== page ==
I get easily distracted. I know what I’m supposed to do next, but then something crosses my mind and I feel the compulsion to explore it. Find out the details. Make the connection. Chase the rabbit trail…only to forget what I was originally doing.
I know this confession likely comes as a surprise to many of my friends. To so many people I am the focused one. I am the one who checks everything off the list. I am typically on-point and on-task. And this is true most of the time.
As a matter of fact, this blog post is because one of those rabbit trails (although I’d rather call it divine inspiration based off a real-life experience). One afternoon I started to write an email for work, but my mind was wandering because of a recent text I’d received. “Real quick,” I thought, “I’ll pop online and find the answer.” Sure enough, three minutes later I had found what I was looking for, but had also temporarily forgotten what I was supposed to be doing. Sigh.
How easily do we get distracted like this in our spiritual life? We get started on a good path of prayer, Bible reading, and small group gatherings but get distracted by other things that pop onto our radar. We pause and pursue, forgetting our original intent. We come back weeks later to the same chapter in the Bible we were reading – and have been reading for months. We recommit to praying each morning to “start the day off right” but hit the snooze time after time, day after day, and get off track. We sign up for a small group then forget to attend. And how often do we do this with our gym workouts or healthy eating or church attendance or calling family? The list goes on and on.
And while none of us can be perfect in our focus, there’s merit to working on being more focused. Our culture has moved away from this practice. We practically boast in the fact that we have a hard time focusing or are excellent at multitasking. It’s a badge of honor. But for so many of us, it’s an excuse to over-schedule and under-deliver. It’s an excuse because we’re bored with what we’re supposed to be doing. It’s an excuse to procrastinate and avoid working on our goals. As we multitask it’s an excuse to avoid connecting with the people around us and to keep us from authentic relationships. It’s an excuse to make our smart phones our focus.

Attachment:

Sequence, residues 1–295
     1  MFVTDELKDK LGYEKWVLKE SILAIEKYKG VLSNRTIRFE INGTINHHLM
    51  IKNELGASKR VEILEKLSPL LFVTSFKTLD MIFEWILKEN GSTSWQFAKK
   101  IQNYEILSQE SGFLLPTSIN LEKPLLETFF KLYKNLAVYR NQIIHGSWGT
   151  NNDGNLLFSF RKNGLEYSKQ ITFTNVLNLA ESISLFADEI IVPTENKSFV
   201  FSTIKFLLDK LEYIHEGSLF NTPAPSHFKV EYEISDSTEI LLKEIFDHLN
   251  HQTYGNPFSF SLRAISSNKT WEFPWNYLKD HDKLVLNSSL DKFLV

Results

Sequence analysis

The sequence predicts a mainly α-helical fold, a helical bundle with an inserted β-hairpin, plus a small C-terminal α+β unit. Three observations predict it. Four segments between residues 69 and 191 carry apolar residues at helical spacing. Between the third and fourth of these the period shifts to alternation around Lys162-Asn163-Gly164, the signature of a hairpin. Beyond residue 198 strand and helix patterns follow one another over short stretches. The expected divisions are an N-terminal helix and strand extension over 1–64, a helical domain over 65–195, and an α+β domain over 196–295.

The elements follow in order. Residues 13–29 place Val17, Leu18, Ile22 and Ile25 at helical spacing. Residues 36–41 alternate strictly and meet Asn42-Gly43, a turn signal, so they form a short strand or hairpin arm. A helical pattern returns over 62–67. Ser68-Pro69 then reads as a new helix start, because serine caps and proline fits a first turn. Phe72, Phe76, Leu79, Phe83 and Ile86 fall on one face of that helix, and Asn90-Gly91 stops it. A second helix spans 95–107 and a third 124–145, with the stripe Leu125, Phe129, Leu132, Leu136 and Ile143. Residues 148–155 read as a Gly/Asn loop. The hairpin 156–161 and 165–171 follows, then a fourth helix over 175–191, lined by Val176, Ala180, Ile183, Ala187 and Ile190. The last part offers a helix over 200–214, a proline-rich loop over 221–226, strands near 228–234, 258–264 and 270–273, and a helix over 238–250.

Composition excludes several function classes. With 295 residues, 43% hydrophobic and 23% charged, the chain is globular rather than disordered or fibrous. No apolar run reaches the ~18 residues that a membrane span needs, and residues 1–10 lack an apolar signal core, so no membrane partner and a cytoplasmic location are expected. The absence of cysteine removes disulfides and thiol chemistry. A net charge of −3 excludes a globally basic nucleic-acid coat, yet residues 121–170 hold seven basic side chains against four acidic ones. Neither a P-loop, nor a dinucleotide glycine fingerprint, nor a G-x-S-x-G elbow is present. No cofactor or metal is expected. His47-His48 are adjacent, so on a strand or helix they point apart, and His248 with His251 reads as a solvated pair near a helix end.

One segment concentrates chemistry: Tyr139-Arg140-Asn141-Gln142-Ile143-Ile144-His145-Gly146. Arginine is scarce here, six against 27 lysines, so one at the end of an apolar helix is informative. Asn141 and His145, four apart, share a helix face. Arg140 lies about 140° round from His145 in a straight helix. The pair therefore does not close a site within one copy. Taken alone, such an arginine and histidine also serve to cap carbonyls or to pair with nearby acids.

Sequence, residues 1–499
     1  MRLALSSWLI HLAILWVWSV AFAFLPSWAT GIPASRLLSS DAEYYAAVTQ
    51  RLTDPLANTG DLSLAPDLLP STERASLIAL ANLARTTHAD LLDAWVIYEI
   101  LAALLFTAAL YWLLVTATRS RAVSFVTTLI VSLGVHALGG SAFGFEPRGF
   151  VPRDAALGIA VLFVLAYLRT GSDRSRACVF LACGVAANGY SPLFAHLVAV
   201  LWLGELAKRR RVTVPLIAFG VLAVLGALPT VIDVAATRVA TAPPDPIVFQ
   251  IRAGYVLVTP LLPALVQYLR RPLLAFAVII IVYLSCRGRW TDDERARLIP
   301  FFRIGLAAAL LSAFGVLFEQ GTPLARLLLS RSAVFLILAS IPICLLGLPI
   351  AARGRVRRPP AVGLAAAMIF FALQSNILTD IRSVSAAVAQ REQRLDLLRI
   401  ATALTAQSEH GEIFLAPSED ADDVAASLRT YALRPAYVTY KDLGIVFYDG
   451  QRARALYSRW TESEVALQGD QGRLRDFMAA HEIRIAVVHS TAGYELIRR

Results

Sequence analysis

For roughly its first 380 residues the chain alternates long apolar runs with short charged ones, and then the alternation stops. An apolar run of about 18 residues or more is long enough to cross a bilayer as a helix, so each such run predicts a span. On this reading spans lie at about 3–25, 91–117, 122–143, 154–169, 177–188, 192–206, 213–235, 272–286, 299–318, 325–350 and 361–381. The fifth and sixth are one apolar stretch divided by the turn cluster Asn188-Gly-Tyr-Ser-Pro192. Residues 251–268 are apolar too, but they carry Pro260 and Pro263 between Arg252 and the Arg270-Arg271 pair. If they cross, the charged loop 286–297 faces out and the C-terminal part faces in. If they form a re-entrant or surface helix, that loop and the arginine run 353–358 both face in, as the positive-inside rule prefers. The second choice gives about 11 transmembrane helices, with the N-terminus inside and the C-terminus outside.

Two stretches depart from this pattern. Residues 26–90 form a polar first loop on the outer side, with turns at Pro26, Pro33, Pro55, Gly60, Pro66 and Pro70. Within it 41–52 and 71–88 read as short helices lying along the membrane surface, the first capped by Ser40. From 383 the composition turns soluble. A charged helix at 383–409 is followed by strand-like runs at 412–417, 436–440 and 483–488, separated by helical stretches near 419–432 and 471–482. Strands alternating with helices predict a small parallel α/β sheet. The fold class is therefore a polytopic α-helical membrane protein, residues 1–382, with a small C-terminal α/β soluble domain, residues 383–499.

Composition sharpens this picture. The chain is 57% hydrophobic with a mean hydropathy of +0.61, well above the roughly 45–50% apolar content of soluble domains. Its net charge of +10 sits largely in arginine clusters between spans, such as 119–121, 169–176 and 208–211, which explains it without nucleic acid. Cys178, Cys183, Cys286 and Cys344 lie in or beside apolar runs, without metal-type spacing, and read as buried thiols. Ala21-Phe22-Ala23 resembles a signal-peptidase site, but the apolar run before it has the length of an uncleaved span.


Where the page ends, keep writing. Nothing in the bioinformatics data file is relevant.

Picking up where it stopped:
Don’t misunderstand me…some people are amazing at multitasking and do it well. And others indeed have attention deficits and require medication to help them focus more. I’m not knocking either of those groups. But I do feel that so many of us should call ourselves to a higher standard. We need to remember what it’s like to focus, train our eyes on a single goal and accomplish it.
Where does that start? It starts with one step at a time. It starts by allowing yourself the freedom to not get distracted while you’re reading an article, researching online or writing an email (a-hem, preaching to myself here). Because let’s face it, there’s great freedom in keeping our eyes on the prize and completing a goal quickly.
Where does focus need to start for you? How do you stay focused (alone or in a group)? I’d love to hear from you!
An aside, I jotted initial notes about this post at work and promptly got back to that email I was writing. 🙂